Racial humor, fart jokes, attacks on organized religion, these and many other varieties of offensive humor have made cable TV's Emmy Award-winning animation South Park one of the top animated shows (after top-ranked The Simpsons).
Now, Trey Parker and Matt Stone, the twisted comedic geniuses and long-time friends behind South Park, have taken their no-sacred-cows style to Broadway with their brand new musical, "The Book of Mormon."
What's it like? Don't expect your friends in Salt Lake City to be too happy.
Want blasphemy? How about a choir of Ugandans uniting their voices to sing lines like this one: "F*** you, God." Apparently the evangelism efforts of the two naïve Mormon missionaries at the center of the musical didn't work out as planned.
Want character assassination? Church of Jesus Christ of Latter-day Saints founder Joseph Smith makes a brief appearance, as does Adolf Hitler.
"The Book of Mormon's" website says, "This hilarious Broadway musical about a pair of mismatched Mormon boys sent on a mission to a place that's about as far from Salt Lake City as you can get."
For two guys who say they don't even believe in God, Parker and Stone have devoted significant time and energy lampooning religion in all its forms. Christianity and Christian culture have come in for regular attacks on South Park, as have aspects of Christian culture, such as off-key Christian music, conservative political activists and over-the-top evangelists.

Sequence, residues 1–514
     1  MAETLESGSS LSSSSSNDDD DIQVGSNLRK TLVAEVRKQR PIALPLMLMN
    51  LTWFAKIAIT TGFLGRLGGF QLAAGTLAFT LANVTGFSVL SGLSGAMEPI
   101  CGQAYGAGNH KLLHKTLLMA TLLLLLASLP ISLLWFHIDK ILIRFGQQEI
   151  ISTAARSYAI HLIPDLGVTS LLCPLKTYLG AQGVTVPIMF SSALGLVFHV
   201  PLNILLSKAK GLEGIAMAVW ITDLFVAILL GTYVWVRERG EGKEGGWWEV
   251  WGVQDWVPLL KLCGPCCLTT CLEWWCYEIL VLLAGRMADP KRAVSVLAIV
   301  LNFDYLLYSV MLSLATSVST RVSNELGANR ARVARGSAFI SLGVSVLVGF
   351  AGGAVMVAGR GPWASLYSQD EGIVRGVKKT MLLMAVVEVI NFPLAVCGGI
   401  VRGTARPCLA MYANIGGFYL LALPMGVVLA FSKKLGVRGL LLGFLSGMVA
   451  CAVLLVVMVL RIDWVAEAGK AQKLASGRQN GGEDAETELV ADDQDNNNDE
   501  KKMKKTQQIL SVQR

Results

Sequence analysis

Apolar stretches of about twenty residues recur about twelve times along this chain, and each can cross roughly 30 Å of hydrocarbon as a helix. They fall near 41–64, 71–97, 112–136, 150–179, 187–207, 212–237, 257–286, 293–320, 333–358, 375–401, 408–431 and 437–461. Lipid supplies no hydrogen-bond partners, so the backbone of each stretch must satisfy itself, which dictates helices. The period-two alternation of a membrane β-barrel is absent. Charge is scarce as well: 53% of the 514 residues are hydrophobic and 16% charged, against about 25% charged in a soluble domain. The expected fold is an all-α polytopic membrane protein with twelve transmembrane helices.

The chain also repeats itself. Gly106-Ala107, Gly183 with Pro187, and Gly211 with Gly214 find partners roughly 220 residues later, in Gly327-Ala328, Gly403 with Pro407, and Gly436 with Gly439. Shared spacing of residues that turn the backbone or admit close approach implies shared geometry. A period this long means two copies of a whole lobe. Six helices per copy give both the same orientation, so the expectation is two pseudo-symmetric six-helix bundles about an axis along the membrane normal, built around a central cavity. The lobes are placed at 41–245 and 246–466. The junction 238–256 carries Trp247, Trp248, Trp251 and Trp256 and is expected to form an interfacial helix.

But Parker and Stone are equal opportunity offenders. Their show has offered lacerating critiques of Scientology. They also made fun of Muhammad in an episode that was pulled from the broadcast schedule following threats from angry Muslims.
Religion certainly makes a good target for humor. But why an entire musical focused on Mormonism? Parker and Stone say there's no particular animosity against the rapidly growing American-born faith. Instead, they simply find it an irresistible punch line.
"The truth is, we just have this fascination with Mormons," Parker told Entertainment Weekly magazine. "They're so fun to make fun of, but at the same time they're so nice!"
Following a successful South Park episode on Joseph Smith, Parker and Stone planned to do a musical about Smith. But when they visited Salt Lake City to do research, they encountered Mormons that made them think it would be more fun to do a show about Mormonism, which requires its members to perform two years of missionary service.
To help them create the musical, they turned to Robert Lopez, who helped create the Tony Award-winning musical "Avenue Q," which covers equally risqué territory. The show's web site says the show "may not be appropriate for young children because AVENUE Q addresses issues like sex, drinking, and surfing the web for porn."
Evangelical Christians have struggled in recent years to figure out how they want to treat Mormons and Mormonism.
Most Christian apologists see Mormonism as a Christian heresy that takes core aspects of Christian doctrine but twists them beyond recognition by adding in new teachings that Smith claimed to have learned when he found Mormon scriptures buried in western New York. The Book of Mormon was first published in 1830.